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Walking in the pines,

I find a message in a

beetle gallery

Etched on to a log,

in inscrutable scrimshaw.

There's a story there.

I can't translate these

Runes from a different language,

a filagree code.

These beetles and I,

we sit on separate branches

of the Tree of Life,

They chew on their branch,

I dangle my feet from mine.

Same idea, I guess.

Then, it dawns on me,

the message in the lacework:

"Don't call us boring."

Bark beetles don't fit

In seventeen syllables.

They need a whole book.

To keep a journal with you means that you can sit next to a river and you don't have to fish.

Or, you can sit in the park and not look like you're creepy.

Or, you can write a poem during class and pretend to be listening.

To keep a journal with you means that you always have someone to talk to when you don't want to talk to anyone.

At the beginning of the pandemic, masks were oddly prominent and proturberant, both on your face and in your face. Here are four journal entries from those early days.

The Gift

We were sitting in her garden, with the length of a grave between us. She had sewn 50 face masks as a gift to the community, and now she gave me my choice from the colorful lot. Each was sewn with scraps from her quilt-making. A bit of double-wedding-ring, a leftover log cabin, each reimagined into pleated contraptions to fit a person from bridge to chin. I chose a flowery blue one, a tiny baby quilt to protect me from bad dreams.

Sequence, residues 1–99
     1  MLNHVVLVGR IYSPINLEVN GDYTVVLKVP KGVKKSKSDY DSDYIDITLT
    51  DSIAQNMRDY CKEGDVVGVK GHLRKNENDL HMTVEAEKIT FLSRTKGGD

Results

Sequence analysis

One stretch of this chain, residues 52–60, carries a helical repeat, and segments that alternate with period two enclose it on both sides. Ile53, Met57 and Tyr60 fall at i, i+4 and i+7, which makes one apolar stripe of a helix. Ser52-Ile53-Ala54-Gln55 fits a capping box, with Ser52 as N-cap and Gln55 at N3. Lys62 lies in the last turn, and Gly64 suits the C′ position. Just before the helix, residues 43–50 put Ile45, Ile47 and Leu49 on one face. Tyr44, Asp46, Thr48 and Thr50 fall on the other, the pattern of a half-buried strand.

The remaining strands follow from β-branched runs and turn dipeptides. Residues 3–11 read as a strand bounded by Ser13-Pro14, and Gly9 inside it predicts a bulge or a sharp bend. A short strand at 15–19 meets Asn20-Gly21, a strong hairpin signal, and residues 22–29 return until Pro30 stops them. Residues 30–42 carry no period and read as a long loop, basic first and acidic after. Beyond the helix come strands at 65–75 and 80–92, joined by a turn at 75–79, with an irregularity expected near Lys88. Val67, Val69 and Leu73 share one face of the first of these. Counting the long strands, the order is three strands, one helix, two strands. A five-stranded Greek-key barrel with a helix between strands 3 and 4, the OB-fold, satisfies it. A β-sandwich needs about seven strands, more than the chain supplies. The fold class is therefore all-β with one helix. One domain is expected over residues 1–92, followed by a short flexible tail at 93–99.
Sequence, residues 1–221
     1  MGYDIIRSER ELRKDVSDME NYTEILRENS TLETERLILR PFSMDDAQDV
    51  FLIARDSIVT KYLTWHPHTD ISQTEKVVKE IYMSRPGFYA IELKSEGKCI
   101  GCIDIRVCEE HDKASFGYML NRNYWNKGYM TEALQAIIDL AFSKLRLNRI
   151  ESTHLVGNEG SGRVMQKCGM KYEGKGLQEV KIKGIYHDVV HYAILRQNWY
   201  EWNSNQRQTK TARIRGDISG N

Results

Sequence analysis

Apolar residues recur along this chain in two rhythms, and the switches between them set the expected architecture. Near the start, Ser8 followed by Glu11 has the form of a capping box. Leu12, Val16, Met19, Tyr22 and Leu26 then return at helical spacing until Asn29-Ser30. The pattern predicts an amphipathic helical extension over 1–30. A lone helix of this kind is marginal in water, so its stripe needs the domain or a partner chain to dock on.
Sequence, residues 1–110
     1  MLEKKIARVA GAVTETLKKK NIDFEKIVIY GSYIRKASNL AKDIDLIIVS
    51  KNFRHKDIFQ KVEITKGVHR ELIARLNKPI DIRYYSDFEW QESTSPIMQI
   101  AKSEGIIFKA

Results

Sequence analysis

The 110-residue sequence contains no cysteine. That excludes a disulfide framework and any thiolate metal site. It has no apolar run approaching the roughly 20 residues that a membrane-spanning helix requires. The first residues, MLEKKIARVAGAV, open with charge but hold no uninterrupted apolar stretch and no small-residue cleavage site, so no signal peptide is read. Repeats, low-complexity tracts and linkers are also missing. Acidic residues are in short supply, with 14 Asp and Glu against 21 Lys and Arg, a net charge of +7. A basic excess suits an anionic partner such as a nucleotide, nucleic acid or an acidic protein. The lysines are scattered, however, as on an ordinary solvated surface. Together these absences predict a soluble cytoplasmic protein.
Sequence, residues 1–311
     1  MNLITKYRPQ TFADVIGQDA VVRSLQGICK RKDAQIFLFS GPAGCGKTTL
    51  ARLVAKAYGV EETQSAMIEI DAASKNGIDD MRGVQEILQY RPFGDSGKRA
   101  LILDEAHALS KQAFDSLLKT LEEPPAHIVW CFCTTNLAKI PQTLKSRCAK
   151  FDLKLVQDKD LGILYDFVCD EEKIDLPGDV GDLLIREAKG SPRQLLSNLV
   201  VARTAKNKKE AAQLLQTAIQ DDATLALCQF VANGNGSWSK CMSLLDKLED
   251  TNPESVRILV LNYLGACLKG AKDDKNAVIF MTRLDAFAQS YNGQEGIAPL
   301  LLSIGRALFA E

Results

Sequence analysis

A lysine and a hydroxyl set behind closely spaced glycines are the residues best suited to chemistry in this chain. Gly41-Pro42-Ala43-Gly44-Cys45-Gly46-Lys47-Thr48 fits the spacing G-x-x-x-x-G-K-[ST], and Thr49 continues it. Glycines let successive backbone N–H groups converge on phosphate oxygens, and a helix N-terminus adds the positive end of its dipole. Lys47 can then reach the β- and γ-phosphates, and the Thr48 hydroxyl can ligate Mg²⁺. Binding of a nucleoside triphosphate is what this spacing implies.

The Empowerment A mask allows a person to walk boldly into Safeway and purchase a Twinkie without risking shame or ridicule or self-righteous stares from people who know you; without having to pretend that the Twinkie is for a small child on the verge of a tantrum just offstage; without excusing the Twinkie as a science experiment or a theatre prop that no one will actually eat. There's no need for excuses. No one knows you are the person behind the mask. Is this what freedom feels like?

The Undecided I notice that some people (not you or I, of course) wear their masks under their chins. These must be the same people who aren't sure who they are going to vote for right before the election. They can't decide to conform or rebel, so they make up an excuse. They excuse their unwillingness to mask by saying, "I can't breathe." I wonder where they picked up that line.

The Reprise Back in her garden, the grave distance shrunk between us, we sit with our masks on. She's piecing together a new quilt, she tells me, for a grandchild due to arrive by Christmas. "Such a scary time to have a new baby," she says. "Corona would be a nice name for a child," I suggest. "Or perhaps Quarantine, like Constantine or Madeline." She says her kids refer to their unborn child as Fauci.

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